Recently, on 2 May, an arsonist targeted the building, causing more damage, which is the subject of a New South Wales police investigation. It is true that the building needs an upgrade, but the Coptic community have themselves raised funds and organised builders who are prepared to participate in the refurbishment of the church. The Inner West Council, of course, does not actually exist as a democratic body. The New South Wales government abolished the former Marrickville Council, and had a forced amalgamation between the Marrickville, Leichhardt and Ashfield councils into the Inner West Council, and they have had an unelected administrator since that occurred. Given that, there is no democratic process for the community to participate in stopping the abolition of this church.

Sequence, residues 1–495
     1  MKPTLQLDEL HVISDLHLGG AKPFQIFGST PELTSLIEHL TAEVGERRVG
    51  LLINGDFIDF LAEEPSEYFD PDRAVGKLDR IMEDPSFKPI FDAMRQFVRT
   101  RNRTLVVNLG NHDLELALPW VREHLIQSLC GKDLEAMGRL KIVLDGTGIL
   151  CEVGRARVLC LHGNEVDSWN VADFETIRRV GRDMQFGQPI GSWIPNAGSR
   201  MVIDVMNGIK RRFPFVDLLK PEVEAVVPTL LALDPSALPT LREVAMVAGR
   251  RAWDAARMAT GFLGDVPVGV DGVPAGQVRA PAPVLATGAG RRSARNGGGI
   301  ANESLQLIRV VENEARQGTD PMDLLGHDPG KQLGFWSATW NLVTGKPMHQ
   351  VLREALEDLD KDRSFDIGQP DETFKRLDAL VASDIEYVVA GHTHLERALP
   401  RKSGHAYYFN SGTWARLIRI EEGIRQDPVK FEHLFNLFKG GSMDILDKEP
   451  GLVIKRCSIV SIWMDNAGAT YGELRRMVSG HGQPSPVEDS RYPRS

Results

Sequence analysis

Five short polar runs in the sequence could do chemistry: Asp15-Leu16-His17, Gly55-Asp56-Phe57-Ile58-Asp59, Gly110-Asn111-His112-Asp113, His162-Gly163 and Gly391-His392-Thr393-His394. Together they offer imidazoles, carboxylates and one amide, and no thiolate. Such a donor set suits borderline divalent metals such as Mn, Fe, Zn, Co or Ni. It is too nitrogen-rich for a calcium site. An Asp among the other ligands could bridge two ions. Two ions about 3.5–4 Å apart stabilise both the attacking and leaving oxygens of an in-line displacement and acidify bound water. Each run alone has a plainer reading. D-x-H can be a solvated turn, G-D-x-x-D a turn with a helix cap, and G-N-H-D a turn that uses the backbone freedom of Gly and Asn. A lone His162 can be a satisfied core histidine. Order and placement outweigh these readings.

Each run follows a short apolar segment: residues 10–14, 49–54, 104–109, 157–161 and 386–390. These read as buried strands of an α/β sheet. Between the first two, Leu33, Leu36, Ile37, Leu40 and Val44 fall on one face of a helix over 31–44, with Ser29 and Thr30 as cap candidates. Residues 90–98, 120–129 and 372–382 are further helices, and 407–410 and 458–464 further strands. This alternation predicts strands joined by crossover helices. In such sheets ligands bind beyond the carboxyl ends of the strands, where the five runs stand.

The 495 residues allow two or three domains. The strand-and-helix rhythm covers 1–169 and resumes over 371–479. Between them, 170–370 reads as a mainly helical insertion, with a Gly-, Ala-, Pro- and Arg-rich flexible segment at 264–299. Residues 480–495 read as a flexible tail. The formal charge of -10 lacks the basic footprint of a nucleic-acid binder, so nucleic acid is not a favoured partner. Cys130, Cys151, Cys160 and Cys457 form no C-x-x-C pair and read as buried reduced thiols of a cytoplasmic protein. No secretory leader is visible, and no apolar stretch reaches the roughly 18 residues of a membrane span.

The council says it will take $5 million to rebuild the church, but the Coptic Orthodox community have raised in cash and kind some $2 million to carry out the work. The Inner West Council plans tomorrow to raze the building and create a memorial area using parts of the church. The state government’s Office of Environment and Heritage has not opposed the demolition. I say to the New South Wales government of Gladys Berejiklian, if this is not heritage—a church built in 1884, the first Coptic Orthodox church outside of Egypt—then what is? The New South Wales government particularly have a responsibility because there is no elected council in place. Effectively, the administrator is a representative of the New South Wales coalition government, appointed by them as a sole administrator, and they should intervene. At a time when the Islamic State is claiming responsibility for bombings of Coptic churches in Egypt as recently as Palm Sunday, when 50 people were killed, this is a community that feels they are under siege, and I stand with the community in support of their heritage, in support of their right not only to practise their religion at the church in Bexley but also to recognise their history as an important community here in Australia.